5 ‘Pro-Consumer’ Moves Secretly Designed Just to Increase Profits

When they make you think they’re generous, they’re screwing you even harder
5 ‘Pro-Consumer’ Moves Secretly Designed Just to Increase Profits

When people discuss company practices, you’ll hear some companies condemned as being “anti-consumer,” while others are praised as “pro-consumer.” This is a very popular way of thinking, and very populist, but not necessarily very useful.

The truth is, yes, some companies do stuff so terrible for customers that we should have laws against it. But when other companies do stuff that suits customers just fine, that’s not because they took some brave step to prioritize the customer experience, even at their own expense. It’s because they realized being good to customers is good business. If we must divide practices into two categories, maybe we should call them “unfair” versus “just good for everyone.”

And sometimes, the supposedly pro-consumer stances have something more insidious behind them. We’re talking about such seemingly attractive offers as... 

Sony’s ‘Free Personalization’ Offer for Laptops

In 2006, Sony introduced a free service to engrave custom text on items like laptops. When you ordered a Vaio notebook or a camera, you could have your name lasered onto it, or the words “Sony sux,” or a bunch of punctuation arranged to form a penis. Actually, they probably didn’t allow those latter two options, but they’d add your name, no problem.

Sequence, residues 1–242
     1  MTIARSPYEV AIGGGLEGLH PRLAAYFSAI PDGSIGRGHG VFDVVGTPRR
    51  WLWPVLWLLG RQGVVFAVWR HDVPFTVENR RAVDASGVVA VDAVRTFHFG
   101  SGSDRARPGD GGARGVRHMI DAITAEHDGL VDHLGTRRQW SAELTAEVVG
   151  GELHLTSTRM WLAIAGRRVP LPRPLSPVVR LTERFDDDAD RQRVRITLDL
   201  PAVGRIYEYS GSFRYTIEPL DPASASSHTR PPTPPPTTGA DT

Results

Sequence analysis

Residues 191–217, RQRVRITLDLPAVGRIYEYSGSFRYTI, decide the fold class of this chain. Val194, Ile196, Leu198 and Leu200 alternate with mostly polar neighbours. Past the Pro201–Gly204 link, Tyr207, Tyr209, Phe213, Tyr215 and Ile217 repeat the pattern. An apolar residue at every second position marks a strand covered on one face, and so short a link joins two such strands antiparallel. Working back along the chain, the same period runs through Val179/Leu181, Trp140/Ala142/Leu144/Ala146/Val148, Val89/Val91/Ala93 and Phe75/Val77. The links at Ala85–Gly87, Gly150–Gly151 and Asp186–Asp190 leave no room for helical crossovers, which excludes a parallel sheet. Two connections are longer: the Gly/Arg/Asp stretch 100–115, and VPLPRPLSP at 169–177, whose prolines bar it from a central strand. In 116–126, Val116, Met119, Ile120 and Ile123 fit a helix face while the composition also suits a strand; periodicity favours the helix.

Sony VAIO VPCF2 Series Personal Computer

Saud/Wiki Commons

If you happened to be named Vaio, they’d add you name to everyone’s laptops. 

Some naïve person somewhere might have thought Sony were doing this as a gesture of pure love. The more reasonable business explanation was that this offer encouraged sales, and the cost to Sony was negligible next to the profit from the sale. But Sony had another motive: By customizing the devices this way, the buyer rendered the purchase ineligible for a refund. In two years, Sony saved over $1 million from reduced returns. 

Customers were still allowed to return defective laptops — Sony weren’t being monsters here. Customers couldn’t, however, return these custom purchases because they decided they didn’t want them after all. The vast majority of returned electronics aren’t because of defects but because the customer changes their mind. In 2008 (the year Sony revealed their gains from the laser program), buyers returned 11 to 20 percent of all electronic items they bought, and 95 percent of the returns were when the product had no defect.